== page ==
Egypt: Probe Israeli nuke capabilities

gheit nuclea letter isra

By JPOST.COM STAFF
September 23, 2009 13:52
1 minute read.

 
X

Dear Reader,
As you can imagine, more people are reading The Jerusalem Post than ever before. Nevertheless, traditional business models are no longer sustainable and high-quality publications, like ours, are being forced to look for new ways to keep going. Unlike many other news organizations, we have not put up a paywall. We want to keep our journalism open and accessible and be able to keep providing you with news and analyses from the frontlines of Israel, the Middle East and the Jewish World.

As one of our loyal readers, we ask you to be our partner.

For $5 a month you will receive access to the following:

  • A user experience almost completely free of ads
  • Access to our Premium Section
  • Content from the award-winning Jerusalem Report and our monthly magazine to learn Hebrew - Ivrit
  • A brand new ePaper featuring the daily newspaper as it appears in print in Israel

Help us grow and continue telling Israel’s story to the world.

Thank you,

Ronit Hasin-Hochman, CEO, Jerusalem Post Group
Yaakov Katz, Editor-in-Chief

UPGRADE YOUR JPOST EXPERIENCE FOR 5$ PER MONTH Show me later Don't show it again

Egyptian Foreign Minister Ahmed Aboul Gheit sent a message to the UN Security Council last week, reiterating his support for non-proliferation and imploring the 15 member countries to investigate Israel's nuclear capabilities, the Egyptian Foreign Ministry revealed Wednesday. Emphasizing that Israel has yet to sign the Non-Proliferation Treaty, Gheit stressed the importance of setting a time frame for a nuclear-free Middle East. Gheit met Tuesday with Palestinian Authority President Mahmoud Abbas on the sidelines of the UN General Assembly in New York in order to discuss possible avenues for resuming the peace process between Israel and the Palestinians. Egypt's move comes several days after a 150-nation nuclear conference on Friday passed a resolution directly criticizing Israel and its atomic program for the first time in 18 years. Iran hailed the vote as a "glorious moment." Out of the delegations present at the International Atomic Energy Agency annual meeting last week, 49 voted for the resolution. 45 were against and 16 abstained from endorsing or rejecting the document, which "expresses concern about the Israeli nuclear capabilities," and links it to "concern about the threat posed by the proliferation of nuclear weapons for the security and stability of the Middle East." Israeli IAEA ambassador David Danieli denounced the vote as "openly hostile to the state of Israel" and accused Iran and Syria of "creating a diplomatic smoke screen" to cover up their "pursuit of nuclear weapons." But chief Iranian IAEA delegate Ali Asghar Soltanieh said the vote should serve as a warning to Washington and other supporters of the Jewish state. "The US Administration .... has received a message that they should not continue supporting Israel at any price," he told reporters. Since the conference passed a harshly worded anti-Israel resolution in 1991, there has been annual Islamic criticism of Israel's nuclear program and its refusal to join the Nonproliferation Treaty. But - until Friday - the West had lobbied successfully against a vote, arguing they could damage hopes of a Middle East peace through negotiations. While Israel objected to a passage calling on all states in the region to adopt the Non-Proliferation Treaty, it praised Arab willingness to compromise on other language in the document that it opposed. AP contributed to this report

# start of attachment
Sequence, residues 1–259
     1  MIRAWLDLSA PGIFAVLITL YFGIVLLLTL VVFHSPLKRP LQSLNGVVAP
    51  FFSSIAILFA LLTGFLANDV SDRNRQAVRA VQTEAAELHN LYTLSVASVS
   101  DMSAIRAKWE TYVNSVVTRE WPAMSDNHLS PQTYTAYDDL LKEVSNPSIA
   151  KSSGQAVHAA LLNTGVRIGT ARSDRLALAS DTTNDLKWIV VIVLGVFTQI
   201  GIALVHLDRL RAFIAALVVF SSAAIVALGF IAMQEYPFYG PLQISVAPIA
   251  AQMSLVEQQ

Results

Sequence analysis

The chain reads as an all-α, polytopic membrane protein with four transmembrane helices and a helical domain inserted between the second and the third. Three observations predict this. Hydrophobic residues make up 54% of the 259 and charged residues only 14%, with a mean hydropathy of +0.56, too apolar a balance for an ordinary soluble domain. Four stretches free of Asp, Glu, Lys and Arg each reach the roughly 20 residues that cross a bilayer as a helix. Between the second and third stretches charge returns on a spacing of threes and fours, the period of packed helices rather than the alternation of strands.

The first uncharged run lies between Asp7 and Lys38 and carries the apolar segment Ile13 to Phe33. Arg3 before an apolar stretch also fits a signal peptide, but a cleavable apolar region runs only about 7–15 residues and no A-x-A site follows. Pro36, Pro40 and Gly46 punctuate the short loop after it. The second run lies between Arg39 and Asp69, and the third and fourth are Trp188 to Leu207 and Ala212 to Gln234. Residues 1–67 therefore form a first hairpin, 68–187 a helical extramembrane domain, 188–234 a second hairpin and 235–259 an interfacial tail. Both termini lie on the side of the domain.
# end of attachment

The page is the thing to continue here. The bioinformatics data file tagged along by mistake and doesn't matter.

Related Content

August 17, 2018
German Jewish council urges end of Iran-Germany trade

By BENJAMIN WEINTHAL